Spending a lot of time away from the office lately? Planning to impress with yer spanking new iPhone? Well there’s good news for you dear reader. The W3C established Mobile Web Initiative has got you and all the standards you can swallow in mind. And they aim to lay plans both for bridging and filling the gaps between our disparate devices.

Mobile Web Initiative

The MWI’s mission in life is to provide a set of recommendations and guidelines for key players in the mobile production chain on how to best support the web on mobile platforms. The MWI receives sponsorship from a number of companies and groups including big names like Nokia, Ericson, HP, Vodafone and a gaggle of others. They know that mobile web access is still not all it’s cracked up to be -- its still suffering greatly from usability and interoperability issues. But they have a plan. The group has published several documents including the following: * Mobile Web Best Practices 1.0 - Basic Guidelines * MobileOK Basic Tests 1.0 * Content Transformation Landscape 1.0 There are still many companies out there today that don’t offer a version of their website for the mobile browser. So what do mobile network operators do? Well they use proxies to transform the web content for you so you can see in your mobile browser.

Content Transformation Landscape

Whoa, what are content transform proxies, you say? Proxies are an intermediary inserted into the communications path between your mobile browser and the originating server (website). Essentially they pretend to be a browser getting the content and then convert the content into a readable format before sending to your mobile device. Nifty, eh? Transformations can include things like correcting character encoding, reformatting and resizing images, changing layouts and page segmentation and multi step JavaScript transaction emulation. In addition, they can add or remove content from a page. The MWI has a dedicated task force working on the subject of Content Transformation and they have just released their first working document on it called Content Transformation Landscape 1.0. It discusses the benefits and issues related to transformation proxies and a set of guidelines for the mobile production world to use these proxies. But what if I have a mobile version of my website? There are three types of parties affected by these “mobile transformations”: # a website that has no mobile version available # a website that blocks mobile viewing (they send an HTTP error code or a message back to the mobile when a page on their site is requested) # a website that does have a mobile version available (the company has designed a mobile version of their site)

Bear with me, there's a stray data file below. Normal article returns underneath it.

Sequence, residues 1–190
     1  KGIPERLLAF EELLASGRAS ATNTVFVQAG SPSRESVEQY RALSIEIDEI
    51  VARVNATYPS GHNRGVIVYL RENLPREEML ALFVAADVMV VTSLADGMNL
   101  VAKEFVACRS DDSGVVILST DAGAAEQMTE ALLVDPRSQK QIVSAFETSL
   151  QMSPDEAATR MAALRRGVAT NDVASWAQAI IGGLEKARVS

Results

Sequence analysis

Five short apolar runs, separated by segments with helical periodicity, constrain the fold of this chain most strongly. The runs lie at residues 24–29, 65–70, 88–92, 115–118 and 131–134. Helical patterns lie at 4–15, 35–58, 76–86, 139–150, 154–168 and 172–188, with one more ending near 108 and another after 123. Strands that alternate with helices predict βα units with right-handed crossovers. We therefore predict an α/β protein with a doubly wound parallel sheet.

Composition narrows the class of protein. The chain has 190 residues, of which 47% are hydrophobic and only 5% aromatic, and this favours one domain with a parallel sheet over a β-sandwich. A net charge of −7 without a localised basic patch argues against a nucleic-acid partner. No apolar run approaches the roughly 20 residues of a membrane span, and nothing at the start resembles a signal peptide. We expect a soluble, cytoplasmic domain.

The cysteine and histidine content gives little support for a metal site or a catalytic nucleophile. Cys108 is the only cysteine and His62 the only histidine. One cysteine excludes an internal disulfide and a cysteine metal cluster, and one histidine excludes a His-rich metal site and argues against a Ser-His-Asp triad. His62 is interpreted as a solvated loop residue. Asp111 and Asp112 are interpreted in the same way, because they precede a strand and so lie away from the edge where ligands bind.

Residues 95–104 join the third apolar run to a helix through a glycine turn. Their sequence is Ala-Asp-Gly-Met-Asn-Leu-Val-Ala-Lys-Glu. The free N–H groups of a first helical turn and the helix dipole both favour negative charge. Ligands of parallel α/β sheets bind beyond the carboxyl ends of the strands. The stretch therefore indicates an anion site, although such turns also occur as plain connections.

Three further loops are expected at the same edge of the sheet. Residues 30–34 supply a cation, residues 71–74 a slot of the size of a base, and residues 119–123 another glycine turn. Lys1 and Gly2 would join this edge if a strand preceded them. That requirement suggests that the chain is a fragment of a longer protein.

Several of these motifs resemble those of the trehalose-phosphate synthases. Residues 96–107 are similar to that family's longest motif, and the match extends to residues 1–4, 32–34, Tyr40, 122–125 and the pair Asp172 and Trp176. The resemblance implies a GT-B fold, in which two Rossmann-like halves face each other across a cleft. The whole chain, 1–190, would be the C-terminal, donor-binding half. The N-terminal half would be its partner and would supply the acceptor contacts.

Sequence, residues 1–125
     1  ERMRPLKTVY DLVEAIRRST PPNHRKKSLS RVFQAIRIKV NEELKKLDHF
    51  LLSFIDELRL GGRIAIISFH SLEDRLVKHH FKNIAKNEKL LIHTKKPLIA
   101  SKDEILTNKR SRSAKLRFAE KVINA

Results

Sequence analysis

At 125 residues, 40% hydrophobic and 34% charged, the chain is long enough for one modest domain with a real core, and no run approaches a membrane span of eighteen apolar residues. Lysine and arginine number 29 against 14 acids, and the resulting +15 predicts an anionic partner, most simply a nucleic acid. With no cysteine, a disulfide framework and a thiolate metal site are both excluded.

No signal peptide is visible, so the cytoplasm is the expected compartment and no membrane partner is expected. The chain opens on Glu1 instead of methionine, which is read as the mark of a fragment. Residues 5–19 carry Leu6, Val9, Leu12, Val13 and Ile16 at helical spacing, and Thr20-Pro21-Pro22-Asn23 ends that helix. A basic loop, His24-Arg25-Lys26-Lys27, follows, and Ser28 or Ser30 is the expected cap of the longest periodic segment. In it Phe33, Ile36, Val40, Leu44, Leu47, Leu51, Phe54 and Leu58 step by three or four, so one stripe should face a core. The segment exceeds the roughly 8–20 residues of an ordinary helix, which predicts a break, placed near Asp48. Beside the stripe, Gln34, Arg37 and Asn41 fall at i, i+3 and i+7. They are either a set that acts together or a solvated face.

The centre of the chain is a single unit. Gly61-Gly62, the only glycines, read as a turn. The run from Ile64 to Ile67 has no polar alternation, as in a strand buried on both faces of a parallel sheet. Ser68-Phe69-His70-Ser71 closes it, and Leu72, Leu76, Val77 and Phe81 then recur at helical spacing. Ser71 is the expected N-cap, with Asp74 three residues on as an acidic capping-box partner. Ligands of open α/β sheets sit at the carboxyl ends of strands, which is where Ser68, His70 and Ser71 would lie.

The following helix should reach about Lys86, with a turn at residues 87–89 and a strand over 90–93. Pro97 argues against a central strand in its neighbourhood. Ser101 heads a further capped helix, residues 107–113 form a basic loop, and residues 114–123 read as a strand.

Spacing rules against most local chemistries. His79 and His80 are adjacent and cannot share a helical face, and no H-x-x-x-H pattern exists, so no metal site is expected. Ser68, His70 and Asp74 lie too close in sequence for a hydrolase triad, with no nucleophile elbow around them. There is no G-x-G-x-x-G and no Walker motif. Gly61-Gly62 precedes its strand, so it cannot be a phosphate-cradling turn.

Content Transformation Advantages

The advantages of content transformation are somewhat obvious: # It enables a mobile browser to view any website regardless of whether that site’s company has created a version of it for the mobile community # It eases the work of site designers, reducing or eliminating their requirement to design a mobile version as these proxies can do this for them.

Content Presentation Issues